Rod Stephens Jr. (shown left starting out on a cruise with his family aboard their 45-foot sloop, Mustang) is one of the most accomplished ocean racing and cruising sailors of the world. He is also a naval architect, associated with the firm of Sparkman & Stephens. As such, he has applied his knowledge and concern for the tiny details of safe and comfortable cruising to his own family boat. Note the small portholes, far safer than large windows, which could be smashed by seas. The companionway, fitted with a bronze rail that can be held while climbing up and down, has a canvas hatch cover, which permits ventilation but prevents water from getting below. The stanchions for the lifelines are bolted through the deck instead of being held by screws. There is a strong handhold next to the binnacle, so that an off-balance crewman can steady himself on it rather than on the binnacle. Life preservers are lashed inside the lifeline on the after binnacle, reachable from the helm yet secure against the power of boarding seas. The cockpit is shallow, only 16 inches deep, a safeguard against an unreasonable weight of water that may come aboard. Even the main boom topping lift, the thin wire running aloft from the end of the boom, has a nylon tackle at one end; nylon stretches slightly and thus absorbs the force of the boom's weight when the heavy spar drops down as the sail is lowered at day's end.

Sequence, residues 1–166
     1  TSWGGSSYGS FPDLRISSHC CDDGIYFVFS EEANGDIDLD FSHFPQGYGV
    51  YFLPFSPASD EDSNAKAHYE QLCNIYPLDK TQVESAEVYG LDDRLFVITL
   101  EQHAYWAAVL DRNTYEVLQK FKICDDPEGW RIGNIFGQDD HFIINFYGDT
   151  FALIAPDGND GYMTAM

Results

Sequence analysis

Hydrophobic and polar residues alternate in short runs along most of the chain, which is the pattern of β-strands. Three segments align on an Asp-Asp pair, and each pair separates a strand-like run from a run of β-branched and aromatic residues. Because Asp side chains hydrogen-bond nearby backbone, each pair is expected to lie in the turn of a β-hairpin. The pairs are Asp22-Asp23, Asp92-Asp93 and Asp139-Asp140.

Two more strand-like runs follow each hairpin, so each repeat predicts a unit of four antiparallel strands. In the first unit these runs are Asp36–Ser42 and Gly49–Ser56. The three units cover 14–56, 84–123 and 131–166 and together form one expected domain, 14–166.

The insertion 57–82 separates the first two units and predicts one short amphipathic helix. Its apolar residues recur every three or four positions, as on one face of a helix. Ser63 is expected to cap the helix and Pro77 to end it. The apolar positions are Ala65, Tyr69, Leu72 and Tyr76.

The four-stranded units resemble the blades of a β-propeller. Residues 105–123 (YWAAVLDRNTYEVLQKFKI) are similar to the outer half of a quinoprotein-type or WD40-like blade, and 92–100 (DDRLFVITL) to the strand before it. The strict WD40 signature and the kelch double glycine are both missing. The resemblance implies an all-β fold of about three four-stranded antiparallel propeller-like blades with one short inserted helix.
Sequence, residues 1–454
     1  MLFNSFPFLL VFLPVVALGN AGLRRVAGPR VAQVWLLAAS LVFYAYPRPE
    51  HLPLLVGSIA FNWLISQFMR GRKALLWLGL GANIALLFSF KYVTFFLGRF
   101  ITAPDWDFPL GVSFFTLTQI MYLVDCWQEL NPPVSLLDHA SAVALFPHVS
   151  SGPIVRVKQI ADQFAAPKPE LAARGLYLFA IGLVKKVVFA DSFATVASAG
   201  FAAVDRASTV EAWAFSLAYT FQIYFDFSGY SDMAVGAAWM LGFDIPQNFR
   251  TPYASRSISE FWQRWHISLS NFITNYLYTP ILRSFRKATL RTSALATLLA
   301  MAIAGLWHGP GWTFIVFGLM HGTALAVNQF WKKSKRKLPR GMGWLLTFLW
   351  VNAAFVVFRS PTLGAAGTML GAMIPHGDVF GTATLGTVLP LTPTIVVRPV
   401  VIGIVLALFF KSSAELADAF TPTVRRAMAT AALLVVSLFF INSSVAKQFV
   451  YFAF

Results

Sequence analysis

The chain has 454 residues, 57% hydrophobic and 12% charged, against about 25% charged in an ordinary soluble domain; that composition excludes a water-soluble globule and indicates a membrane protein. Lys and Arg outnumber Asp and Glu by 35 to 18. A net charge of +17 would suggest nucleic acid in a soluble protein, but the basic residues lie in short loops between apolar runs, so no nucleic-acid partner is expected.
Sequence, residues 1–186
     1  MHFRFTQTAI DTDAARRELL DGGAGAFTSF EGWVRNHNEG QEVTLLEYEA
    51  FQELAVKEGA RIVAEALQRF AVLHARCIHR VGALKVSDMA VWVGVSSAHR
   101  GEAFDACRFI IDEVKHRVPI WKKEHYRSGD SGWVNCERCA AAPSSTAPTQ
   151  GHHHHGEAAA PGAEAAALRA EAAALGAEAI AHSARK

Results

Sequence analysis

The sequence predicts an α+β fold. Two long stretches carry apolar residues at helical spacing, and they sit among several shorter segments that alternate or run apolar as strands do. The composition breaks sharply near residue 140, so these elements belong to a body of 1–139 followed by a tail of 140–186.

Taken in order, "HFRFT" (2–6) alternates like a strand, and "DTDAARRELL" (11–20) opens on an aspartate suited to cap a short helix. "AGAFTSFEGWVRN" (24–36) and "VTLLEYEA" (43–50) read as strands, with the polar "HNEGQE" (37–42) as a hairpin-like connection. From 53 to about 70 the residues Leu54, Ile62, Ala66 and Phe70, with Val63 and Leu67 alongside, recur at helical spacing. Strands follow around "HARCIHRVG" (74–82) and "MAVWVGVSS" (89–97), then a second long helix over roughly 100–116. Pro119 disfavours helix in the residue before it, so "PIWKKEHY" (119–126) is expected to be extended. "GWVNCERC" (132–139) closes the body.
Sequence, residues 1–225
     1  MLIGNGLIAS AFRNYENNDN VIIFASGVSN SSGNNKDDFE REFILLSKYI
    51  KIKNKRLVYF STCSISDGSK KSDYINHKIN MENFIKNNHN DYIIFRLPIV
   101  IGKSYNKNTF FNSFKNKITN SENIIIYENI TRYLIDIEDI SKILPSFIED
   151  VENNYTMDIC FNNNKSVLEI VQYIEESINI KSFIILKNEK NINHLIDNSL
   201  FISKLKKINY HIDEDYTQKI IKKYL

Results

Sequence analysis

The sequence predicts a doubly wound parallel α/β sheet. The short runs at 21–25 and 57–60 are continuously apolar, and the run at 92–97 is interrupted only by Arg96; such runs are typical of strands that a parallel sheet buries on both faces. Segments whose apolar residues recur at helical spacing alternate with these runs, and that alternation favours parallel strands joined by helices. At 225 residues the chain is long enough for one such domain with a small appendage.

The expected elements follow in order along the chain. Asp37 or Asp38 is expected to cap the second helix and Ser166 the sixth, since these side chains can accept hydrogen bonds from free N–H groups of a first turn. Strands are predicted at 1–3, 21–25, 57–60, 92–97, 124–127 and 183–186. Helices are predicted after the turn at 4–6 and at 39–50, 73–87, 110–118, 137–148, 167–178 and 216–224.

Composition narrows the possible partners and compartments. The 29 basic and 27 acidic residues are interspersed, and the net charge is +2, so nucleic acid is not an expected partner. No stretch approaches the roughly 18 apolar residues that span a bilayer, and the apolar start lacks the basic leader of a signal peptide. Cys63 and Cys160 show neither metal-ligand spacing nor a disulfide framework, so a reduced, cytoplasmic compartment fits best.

Though sailors have developed hundreds of knots, bends and hitches for various specialized purposes, the six knots shown above meet the basic needs of the cruising sailor. (1) The bowline is a fixed (nonsliding) loop used for many purposes, such as securing a boat to a piling or slinging a bosun's chair. It is a strong, secure knot, yet it is easy to untie after heavy strain has been put on it. (2) The sheet bend is used for joining and holding lines of unequal thickness. (3) The square, or reef knot, joins two lines of equal thickness, such as reef points or other light line. (4) The clove hitch is quickly tied, but intended only as a temporary hold at a piling. (5) The rolling hitch with a round turn, which will not slip or bind, is good for overnight dock tie-up or for tying a lighter line onto a hawser or cable. (6) Round turn, shown here with two half hitches, takes the strain off the half hitches.